]President Donald Trump (R) greets Dayton Mayor Nan Whaley (C) as he arrives at Wright-Patterson Air Force Base in Ohio on Aug. 7, 2019. SAUL LOEB/AFP/Getty Images

Dayton Mayor Nan Whaley reacted tonight to President Trump who accused her and Ohio Sen. Sherrod Brown of misrepresenting the reception Trump received from shooting victims during his visit to a hospital today.

Whaley told CNN's Anderson Cooper that she didn't understand the President's remarks.

"Look, I mean, I think I've known and watched President Trump's Twitter feed for awhile. He is a bully and coward and it's fine that he wants to bully me and Senator Brown. We're okay. We can take it, but the citizens of Dayton deserve action. And we're hoping that, you know, this isn't a typical politician that's all talk and no action. We want to see and the citizens of Dayton want to see him do something around common sense gun legislation," she said.

Some background: At a news conference following their hospital visit with Trump, Brown said Trump was "received well by the patients," was "comforting" and "did the right things." At the press conference and in an interview with CNN, Whaley said victims were "grateful" to see Trump and that he was "treated well by the victims, for sure."

Brown did call Trump and his past rhetoric "racist." Whaley called Trump's past rhetoric "divisive" and said it was good he did not visit the district where the shooting occurred because of local "anger" about him.

But neither of the two Democrats alleged that Trump was badly received at the hospital.

When Whaley was later shown the Trump tweet in which he accused her of "totally misrepresenting what took place inside of the hospital," she responded, "I'm really confused."

7:56 p.m. ET, August 7, 2019

President Trump leaves El Paso

POOL
POOL

President Trump is heading back to Washington, DC, after meeting with victims' families, law enforcement officials and other community members following Saturday's mass shooting that left 22 people dead in El Paso, Texas.

He visited both El Paso and Dayton, Ohio, today. Dayton was the scene of Sunday's mass shooting.

In El Paso, Trump visited a hospital and the city's Emergency Operations Center. Protesters and supporters were gathered today at a memorial site and outside the hospital.

7:36 p.m. ET, August 7, 2019

El Paso residents react to Trump's visit

El Paso residents are reacting to President Trump's visit to Texas today.

Trump met victims' families at the University Medical Center of El Paso and visited the city's Emergency Operations Center today in the wake of a mass shooting that left 22 people dead at a Walmart.

Just a few yards behind that Walmart, El Paso residents were watching Trump's comments live.

Ben Dominguez
Ben Dominguez Nicole Chavez/CNN

Ben Dominguez, who is a human services investigator, said people need to focus on the good things the President has done during the trip.

"Even though I don't agree with some of President's rhetoric, I think it's important to show that he respects what has happened," Dominguez said. "He's paid his respects to the families. We need to get focused on that."
German Gomez
German Gomez Nicole Chavez/CNN

German Gomez, who owns a car dealership, said he wasn't for or against Trump, "but you do need to respect him because he's our President."

He continued that when it comes to gun violence, he believes it's about the person, not the firearm.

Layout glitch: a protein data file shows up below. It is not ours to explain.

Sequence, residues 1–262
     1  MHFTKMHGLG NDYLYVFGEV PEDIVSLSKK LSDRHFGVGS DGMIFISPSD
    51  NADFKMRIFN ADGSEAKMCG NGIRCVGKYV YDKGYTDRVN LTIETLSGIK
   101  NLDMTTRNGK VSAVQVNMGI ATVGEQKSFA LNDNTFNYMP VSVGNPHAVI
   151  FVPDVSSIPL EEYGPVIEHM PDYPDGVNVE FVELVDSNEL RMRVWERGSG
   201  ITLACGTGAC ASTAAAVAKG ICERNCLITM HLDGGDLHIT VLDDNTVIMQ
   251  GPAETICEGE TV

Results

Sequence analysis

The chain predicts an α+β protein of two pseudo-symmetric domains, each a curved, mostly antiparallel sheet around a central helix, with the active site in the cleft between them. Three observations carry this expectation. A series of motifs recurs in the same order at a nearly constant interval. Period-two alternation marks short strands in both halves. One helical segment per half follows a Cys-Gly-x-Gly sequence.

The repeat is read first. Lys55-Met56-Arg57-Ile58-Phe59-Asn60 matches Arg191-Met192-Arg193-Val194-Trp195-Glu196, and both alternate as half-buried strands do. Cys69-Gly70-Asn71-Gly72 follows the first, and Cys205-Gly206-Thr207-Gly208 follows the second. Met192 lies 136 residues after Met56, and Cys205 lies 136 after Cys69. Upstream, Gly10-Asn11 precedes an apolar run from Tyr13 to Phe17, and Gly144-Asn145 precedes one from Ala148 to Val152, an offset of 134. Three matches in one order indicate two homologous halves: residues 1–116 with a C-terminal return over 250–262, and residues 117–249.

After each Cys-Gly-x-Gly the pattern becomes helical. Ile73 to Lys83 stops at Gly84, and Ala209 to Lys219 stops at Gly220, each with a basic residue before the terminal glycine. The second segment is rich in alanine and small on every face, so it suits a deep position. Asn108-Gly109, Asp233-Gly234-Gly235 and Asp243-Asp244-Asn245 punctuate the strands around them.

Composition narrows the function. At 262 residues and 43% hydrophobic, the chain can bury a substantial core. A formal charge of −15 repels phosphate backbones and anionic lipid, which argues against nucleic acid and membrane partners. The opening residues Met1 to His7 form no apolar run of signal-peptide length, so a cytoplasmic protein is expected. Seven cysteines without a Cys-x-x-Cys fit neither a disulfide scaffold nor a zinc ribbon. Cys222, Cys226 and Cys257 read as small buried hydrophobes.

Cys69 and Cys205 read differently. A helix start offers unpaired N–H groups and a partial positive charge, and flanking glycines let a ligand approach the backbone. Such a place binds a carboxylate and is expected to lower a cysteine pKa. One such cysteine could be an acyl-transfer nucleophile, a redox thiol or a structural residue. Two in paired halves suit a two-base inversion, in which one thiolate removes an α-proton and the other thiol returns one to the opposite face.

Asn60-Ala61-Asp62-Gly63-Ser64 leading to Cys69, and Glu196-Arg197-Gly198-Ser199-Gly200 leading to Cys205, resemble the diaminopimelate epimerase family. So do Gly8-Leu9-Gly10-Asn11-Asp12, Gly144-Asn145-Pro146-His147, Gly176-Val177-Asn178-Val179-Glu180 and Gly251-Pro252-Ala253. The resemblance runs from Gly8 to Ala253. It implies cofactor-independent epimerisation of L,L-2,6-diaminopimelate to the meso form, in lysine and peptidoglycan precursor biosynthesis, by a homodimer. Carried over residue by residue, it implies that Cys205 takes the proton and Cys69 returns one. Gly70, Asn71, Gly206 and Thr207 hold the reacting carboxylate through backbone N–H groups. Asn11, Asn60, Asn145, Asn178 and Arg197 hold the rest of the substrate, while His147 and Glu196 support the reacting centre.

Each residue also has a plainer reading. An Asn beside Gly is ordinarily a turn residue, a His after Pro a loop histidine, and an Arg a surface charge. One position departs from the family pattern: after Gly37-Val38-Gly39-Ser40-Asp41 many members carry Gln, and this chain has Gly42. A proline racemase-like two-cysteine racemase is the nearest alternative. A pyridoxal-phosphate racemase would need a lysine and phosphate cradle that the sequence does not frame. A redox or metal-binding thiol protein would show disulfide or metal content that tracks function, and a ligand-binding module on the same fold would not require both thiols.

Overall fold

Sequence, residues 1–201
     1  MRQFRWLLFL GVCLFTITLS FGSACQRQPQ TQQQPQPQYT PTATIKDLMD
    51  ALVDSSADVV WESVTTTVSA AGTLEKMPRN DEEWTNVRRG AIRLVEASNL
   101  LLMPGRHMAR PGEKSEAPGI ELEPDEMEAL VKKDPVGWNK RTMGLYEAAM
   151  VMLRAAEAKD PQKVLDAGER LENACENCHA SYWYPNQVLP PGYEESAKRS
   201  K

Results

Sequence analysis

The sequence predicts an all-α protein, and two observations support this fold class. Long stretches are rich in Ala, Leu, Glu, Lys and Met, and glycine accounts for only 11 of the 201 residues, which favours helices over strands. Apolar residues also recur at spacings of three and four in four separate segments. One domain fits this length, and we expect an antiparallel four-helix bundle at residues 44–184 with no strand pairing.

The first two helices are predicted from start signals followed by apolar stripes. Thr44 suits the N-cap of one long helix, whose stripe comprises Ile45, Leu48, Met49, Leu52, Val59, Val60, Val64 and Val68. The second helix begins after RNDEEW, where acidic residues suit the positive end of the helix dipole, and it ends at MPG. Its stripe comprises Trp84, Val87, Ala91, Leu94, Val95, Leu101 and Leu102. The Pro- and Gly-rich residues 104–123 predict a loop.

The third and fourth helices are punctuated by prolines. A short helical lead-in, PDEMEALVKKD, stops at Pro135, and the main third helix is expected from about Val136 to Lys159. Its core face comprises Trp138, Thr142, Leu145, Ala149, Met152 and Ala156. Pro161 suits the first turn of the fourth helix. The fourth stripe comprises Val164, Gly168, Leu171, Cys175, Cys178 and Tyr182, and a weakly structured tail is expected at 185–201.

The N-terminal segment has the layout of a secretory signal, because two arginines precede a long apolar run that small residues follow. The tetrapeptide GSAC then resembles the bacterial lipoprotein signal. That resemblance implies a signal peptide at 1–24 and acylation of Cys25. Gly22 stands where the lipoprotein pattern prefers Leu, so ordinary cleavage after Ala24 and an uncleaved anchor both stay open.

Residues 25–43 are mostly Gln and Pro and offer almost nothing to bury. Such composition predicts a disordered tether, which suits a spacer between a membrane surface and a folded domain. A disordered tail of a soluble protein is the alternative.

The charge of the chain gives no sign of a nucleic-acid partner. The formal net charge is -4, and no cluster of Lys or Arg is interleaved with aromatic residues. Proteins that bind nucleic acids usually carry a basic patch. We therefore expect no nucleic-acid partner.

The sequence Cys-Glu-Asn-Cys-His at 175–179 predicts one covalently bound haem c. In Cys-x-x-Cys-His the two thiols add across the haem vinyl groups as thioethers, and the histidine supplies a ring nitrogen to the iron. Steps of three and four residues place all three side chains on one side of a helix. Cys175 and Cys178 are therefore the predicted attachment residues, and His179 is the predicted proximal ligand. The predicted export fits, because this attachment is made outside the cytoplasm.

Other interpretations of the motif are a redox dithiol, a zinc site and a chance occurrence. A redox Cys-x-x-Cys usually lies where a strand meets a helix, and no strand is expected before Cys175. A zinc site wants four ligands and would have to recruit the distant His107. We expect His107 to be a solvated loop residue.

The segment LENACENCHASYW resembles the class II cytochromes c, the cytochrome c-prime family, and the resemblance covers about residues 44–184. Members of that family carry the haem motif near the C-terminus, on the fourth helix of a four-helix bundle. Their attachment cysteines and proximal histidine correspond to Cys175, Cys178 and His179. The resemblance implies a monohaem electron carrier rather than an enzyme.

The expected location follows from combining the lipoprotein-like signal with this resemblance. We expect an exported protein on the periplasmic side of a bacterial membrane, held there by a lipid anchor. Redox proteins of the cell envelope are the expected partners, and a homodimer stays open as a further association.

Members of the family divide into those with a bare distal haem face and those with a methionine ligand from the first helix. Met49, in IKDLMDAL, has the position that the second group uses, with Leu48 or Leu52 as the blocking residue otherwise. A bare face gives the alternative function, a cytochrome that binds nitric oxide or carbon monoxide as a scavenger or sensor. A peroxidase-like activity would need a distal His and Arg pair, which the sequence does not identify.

"People are easy to blame the guns. I'm a gun owner and I know it's the person that owns the gun, not the firearms," Gomez said. "We have a divided crowd, but it's our right to own guns."
7:25 p.m. ET, August 7, 2019

Trump criticizes Ohio senator and Dayton mayor during El Paso visit

President Trump thanked first responders during a stop at El Paso's Emergency Operations Center tonight. 

However, he quickly changed his tone and began to criticize Nan Whaley, the Democratic mayor of Dayton, Ohio, and the state's Democratic Sen. Sherrod Brown.

"They shouldn’t be politicking today. I had it with Sherrod Brown. He and the mayor Nan Whaley they asked to go in, 'Could we possibly go in and make the tour with you.' I said, 'Yeah, let’s do it.' They couldn’t believe what they saw. And they said it to people. They’ve never seen anything like it. The entire hospital, no different than what we had in El Paso, the entire hospital, was, I mean everybody was so proud of the job they did. Because they did a great job," Trump said.

He then called them very dishonest, saying, "I get on Air Force One where they do have a lot of televisions, I turn on the television and there they are saying, 'Well, I don’t know if it was appropriate for the President to be here.'"

Some background: Earlier today, Trump, his press secretary and his director of social media accused Brown and Whaley of misrepresenting the reception the President received from shooting victims during his visit to a Dayton hospital.

Facts First: This is false. While both Brown and Whaley criticized Trump's past rhetoric, they were only complimentary about his visit to the hospital

At a press conference following their joint hospital visit with Trump, Brown said Trump was "received well by the patients," was "comforting" and "did the right things." At the press conference and in an interview with CNN, Whaley said victims were "grateful" to see Trump and that he was "treated well by the victims, for sure." 

Brown did call Trump and his past rhetoric "racist." Whaley called Trump's past rhetoric "divisive" and said it was good he did not visit the district where the shooting occurred because of local "anger" about him.  

But neither of the two Democrats alleged that Trump was badly received at the hospital.